MANITOULIN—While it is now official that the MS Chi-Cheemaun ferry service season has been delayed, there is a tremendous groundswell of local residents, businesses, politicians and municipalities (as evidenced by a rally of support for the MS Chi-Cheemaun season not to be delayed and petitions that are being eagerly signed by Island and off-Island residents) that all feel the delay of the ferry will be disastrous to the Island’s residents and the economy of Manitoulin.
The Owen Sound Transportation Company (OSTC) announced on Monday that the service would not be starting its 2013 schedule this Friday, May 3. “Due to continued low water levels on Lake Huron, the Friday, May 3 scheduled start to the Chi-Cheemaun ferry season has been postponed until at least Friday, May 10.”
“Water levels have slowly increased over the last week, but are still below the minimum level required for the ferry to operate safely from the existing dock fenders at Tobermory and South Baymouth,” the OSTC release states. “The ferry docks and fenders are owned and maintained by Transport Canada.”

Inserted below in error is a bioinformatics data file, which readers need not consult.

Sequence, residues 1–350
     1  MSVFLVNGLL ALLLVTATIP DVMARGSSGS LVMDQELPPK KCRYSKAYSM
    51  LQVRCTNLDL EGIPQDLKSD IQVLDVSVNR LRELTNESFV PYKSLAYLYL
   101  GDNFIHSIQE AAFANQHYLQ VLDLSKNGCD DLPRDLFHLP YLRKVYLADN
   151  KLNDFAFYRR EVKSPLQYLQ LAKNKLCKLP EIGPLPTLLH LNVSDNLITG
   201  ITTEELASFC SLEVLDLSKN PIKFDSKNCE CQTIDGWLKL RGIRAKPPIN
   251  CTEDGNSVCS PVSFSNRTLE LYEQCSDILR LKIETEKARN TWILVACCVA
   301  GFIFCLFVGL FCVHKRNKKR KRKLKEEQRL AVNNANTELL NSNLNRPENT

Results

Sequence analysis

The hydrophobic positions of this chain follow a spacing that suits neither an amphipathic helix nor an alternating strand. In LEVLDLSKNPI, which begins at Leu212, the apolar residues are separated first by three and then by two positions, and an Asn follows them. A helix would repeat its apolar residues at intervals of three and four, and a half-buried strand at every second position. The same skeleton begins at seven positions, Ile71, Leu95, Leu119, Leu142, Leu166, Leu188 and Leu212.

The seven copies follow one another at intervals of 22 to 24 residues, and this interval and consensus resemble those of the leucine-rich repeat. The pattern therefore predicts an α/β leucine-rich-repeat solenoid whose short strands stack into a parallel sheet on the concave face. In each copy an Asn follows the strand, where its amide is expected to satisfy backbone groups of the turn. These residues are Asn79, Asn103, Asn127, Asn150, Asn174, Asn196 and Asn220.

Silvia Di Tiro, Transport Canada Communications Advisor, released a statement on Monday in regards to the ferry docks. “Transport Canada recognizes the role that the Chi-Cheemaun ferry plays in serving communities and providing a transportation link. The department is aware that water levels are currently at significantly lower levels across the entire Great Lakes system. Transport Canada is in discussions with the Government of Ontario and the OSTC to explore options to address the impacts of low water levels on the docking of the Chi-Cheemaun ferry.”
“It is discouraging that the ferry may not run on the first day of the sailing season, and may be delayed this season,” stated Petra Wall of Timberlane Lodge last Saturday. “This will kill a lot of business. We have fishermen from western Ontario and the Northern US who are supposed to be coming up here on the first ferry.”
Ms. Wall was one of about 50 people on hand for a rally in support of the Chi-Cheemaun starting its season on time last Friday at South Baymouth. “I also have a petition and I’m working with Alain Harvey and Nathalie Gara-Boivin of the Auberge Inn.” She said the latter two are organizing a major rally to be held today (Friday) at the ferry docks in South Baymouth.
“The Chi-Cheemaun is one of the major economic drivers for the Island,” said Ms. Wall. “It is important to business, tourism, agriculture—all sectors of the Island.